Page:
Cookies from cake mix molasses in rich fudge

RECIPE FINDER

March 11, 1998|By Ellen Hawks | Ellen Hawks,SUN STAFF

"I want a recipe for a cookie made with a cake mix, something quick and tasty for lunch boxes and snacks," wrote Mrs. H. Hefner of Baltimore.

Responses poured in, and tester Laura Reiley chose the Duncan Hines peanut butter cookies sent in by Shelley Silver of Baltimore.

Josephine C. Elsen of Wheaton, Ill., requested a recipe for Genessee chocolate -- "a rich fudge that has some molasses in it." The chosen response came from Gail Jones of Bend, Ore., who found the recipe "in the 'American Heritage Cookbook.' It was originally distributed in a booklet in 1905 by a chocolate manufacturer."

Peanut Butter Cookies

Makes 4 to 5 dozen 2 1/2-inch cookies

1 18-ounce package Duncan Hines chocolate cake mix

1/3 cup light brown sugar

1 1/3 cups peanut butter

1/2 cup salad oil

1/4 cup water

1 egg

Preheat oven to 375 degrees. Combine all ingredients and mix well. Shape dough into 1-inch balls. Place 2 inches apart on an ungreased cookie sheet. Press a crisscross on each cookie with fork prongs that you have dipped in water.

Bake for 10-12 minutes, until light brown. Cool on cookie sheet for about 1 minute, then move to racks to finish cooling.

Tester Laura Reiley's comments: "I love these cookies. They have the texture of peanut butter cookies, but the flavor is a great melding of chocolate and peanut butter. I experimented with some and didn't press a crisscross pattern on the top. The cookies are even better when just formed into balls because they become perfectly round during cooking, with a crinkly top like gingersnaps. They are very homemade-tasting and -looking. No one would ever know the base was from a cake mix."

Genessee Chocolate

Makes about 1 1/4 pounds

1 cup granulated sugar

1 cup brown sugar

1/4 cup molasses

1/2 cup light cream

2 ounces unsweetened chocolate, coarsely chopped

4 tablespoons (1/2 stick) unsalted butter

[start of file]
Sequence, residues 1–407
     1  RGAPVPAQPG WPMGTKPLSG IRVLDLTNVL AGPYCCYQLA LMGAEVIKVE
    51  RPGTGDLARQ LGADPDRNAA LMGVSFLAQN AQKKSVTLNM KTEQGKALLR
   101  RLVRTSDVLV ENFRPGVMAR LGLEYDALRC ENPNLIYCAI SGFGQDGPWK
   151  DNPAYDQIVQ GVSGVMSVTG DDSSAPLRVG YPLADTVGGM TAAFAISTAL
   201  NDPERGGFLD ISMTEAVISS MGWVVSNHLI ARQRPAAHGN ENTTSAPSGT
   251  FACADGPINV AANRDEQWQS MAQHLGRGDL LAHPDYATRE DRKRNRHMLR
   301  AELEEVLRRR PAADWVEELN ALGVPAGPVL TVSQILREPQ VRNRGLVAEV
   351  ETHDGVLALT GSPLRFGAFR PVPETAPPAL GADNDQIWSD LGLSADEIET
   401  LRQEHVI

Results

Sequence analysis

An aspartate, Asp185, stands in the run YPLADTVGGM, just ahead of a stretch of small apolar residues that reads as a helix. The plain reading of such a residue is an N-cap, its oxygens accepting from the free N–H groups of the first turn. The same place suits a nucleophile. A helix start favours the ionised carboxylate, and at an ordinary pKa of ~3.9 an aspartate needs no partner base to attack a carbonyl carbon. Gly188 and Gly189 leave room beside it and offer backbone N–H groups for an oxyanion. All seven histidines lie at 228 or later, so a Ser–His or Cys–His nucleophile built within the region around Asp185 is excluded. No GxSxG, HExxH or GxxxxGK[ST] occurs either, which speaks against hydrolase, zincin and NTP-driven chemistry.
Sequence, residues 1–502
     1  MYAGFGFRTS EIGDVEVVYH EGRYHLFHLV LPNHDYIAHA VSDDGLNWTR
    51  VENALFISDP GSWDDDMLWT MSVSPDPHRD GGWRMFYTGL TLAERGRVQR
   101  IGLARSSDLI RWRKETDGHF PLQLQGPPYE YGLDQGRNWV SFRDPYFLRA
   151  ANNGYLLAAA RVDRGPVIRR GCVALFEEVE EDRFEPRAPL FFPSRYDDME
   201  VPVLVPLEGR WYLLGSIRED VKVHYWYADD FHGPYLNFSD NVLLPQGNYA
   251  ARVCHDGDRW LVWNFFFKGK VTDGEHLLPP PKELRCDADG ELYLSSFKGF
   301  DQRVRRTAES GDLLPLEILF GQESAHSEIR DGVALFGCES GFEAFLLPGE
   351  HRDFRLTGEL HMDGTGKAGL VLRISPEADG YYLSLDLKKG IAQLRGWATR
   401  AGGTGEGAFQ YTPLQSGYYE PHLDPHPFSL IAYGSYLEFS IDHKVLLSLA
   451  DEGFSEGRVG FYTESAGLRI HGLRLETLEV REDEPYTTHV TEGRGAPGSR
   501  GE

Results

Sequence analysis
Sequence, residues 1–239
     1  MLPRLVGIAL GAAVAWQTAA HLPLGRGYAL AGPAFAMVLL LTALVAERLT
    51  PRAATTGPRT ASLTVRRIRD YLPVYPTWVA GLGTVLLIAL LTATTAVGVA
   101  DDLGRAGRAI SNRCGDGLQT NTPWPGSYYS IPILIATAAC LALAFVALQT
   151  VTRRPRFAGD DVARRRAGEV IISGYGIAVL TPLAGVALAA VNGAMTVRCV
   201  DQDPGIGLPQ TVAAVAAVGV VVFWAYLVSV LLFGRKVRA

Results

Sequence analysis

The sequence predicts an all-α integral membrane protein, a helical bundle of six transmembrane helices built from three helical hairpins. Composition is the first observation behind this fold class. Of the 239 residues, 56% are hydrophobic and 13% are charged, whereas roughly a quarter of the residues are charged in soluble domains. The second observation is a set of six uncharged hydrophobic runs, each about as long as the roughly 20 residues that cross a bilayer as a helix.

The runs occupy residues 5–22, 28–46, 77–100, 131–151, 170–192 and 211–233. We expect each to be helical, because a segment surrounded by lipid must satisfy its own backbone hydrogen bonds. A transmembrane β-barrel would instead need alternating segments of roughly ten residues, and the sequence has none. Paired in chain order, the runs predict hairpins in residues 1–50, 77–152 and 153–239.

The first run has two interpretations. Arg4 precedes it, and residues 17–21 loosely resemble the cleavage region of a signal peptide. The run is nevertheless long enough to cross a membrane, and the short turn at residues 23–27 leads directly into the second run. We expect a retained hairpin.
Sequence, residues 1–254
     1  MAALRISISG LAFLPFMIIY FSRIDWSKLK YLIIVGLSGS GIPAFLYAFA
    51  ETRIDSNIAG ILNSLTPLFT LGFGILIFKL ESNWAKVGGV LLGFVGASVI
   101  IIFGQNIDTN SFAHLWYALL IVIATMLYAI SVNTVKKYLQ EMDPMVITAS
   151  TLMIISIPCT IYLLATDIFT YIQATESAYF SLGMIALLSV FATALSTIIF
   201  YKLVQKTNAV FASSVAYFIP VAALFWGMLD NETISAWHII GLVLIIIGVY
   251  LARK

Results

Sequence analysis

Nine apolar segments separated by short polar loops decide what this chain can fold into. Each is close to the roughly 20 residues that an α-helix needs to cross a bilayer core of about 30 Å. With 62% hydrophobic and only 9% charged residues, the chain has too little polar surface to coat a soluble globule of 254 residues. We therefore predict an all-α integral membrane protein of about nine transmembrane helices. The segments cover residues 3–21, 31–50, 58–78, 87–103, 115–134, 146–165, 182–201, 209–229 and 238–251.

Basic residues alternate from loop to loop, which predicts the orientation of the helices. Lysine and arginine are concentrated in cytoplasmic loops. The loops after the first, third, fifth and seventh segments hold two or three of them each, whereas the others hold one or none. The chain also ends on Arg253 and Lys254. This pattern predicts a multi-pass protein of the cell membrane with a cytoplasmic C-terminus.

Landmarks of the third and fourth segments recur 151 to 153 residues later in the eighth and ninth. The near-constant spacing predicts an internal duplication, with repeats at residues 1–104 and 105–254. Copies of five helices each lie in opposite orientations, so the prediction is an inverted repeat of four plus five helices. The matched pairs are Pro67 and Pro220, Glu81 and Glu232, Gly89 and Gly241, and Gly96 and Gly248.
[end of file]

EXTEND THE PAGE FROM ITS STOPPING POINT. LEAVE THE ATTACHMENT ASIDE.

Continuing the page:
1 1/2 teaspoons vanilla extract

In a saucepan, combine the two sugars, the molasses, cream and chocolate. Cook over medium heat, stirring until the sugar and the chocolate have melted. Continue cooking, without stirring, until the mixture reaches 238 degrees, or until a few drops tested in cold water form a soft ball. Remove the pan from the heat, stir in the butter and vanilla, and cool slightly, until the fudge begins to harden. Pour onto a buttered dish, and cut it into squares before the fudge is completely hard.

Tester Reiley's comments: "Be sure to get the mixture all the way to soft-ball stage, because otherwise the sugar very easily becomes grainy when [the fudge cools]. The molasses and the brown sugar give this fudge a very old-fashioned taste."

Recipe requests

* Esther Seamans of Sioux Falls, S.D., writes, "I have eaten a no-bake fruitcake, and it was so good, with lots of fruits and nuts. Can you find this recipe for me?"

* Jackie Binetti of Baltimore is seeking a recipe like the one she and her husband "enjoyed at Fins Bar and Grill, which was in Canton on Fleet Street. It was their special Caribbean shrimp dish with a spicy sauce cooked for many hours and served with French bread."

* Leila Wolf of Rapid City, S.D., writes that she is looking for a recipe for pineapple jam, using pectin and canned crushed pineapple with no sugar added.

If you are looking for a recipe or can answer a request for a hard-to-find recipe, write to Ellen Hawks, Recipe Finder, The Sun, 501 N. Calvert St., Baltimore, Md. 21278. If you send in more than one recipe, put each on a separate sheet of paper with your name, address and daytime phone number. Important: Please list the ingredients in order of use, and note the number of servings each recipe makes.

Pub Date: 3/11/98

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